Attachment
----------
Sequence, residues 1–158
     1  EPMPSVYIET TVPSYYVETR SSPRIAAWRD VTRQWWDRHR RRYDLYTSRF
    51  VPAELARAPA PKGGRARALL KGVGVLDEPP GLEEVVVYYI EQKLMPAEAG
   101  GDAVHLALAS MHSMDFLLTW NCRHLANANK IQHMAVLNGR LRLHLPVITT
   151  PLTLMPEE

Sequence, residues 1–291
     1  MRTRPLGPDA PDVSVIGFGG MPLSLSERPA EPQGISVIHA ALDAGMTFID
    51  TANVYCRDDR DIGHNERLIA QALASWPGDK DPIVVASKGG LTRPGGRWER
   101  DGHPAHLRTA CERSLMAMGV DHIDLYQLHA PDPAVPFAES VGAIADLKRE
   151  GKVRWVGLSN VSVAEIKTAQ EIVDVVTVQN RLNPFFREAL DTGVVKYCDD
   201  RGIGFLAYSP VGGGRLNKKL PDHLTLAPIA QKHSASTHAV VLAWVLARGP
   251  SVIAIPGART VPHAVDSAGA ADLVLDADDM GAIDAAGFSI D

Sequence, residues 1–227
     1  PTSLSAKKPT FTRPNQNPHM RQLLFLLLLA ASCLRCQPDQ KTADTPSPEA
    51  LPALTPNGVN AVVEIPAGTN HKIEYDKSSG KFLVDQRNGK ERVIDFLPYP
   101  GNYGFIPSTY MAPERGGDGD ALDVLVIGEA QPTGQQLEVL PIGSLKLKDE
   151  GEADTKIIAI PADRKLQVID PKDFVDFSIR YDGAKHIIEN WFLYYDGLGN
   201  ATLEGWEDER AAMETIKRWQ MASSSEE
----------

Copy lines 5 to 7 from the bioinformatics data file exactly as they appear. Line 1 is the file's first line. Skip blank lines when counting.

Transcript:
   151  PLTLMPEE

Sequence, residues 1–291
     1  MRTRPLGPDA PDVSVIGFGG MPLSLSERPA EPQGISVIHA ALDAGMTFID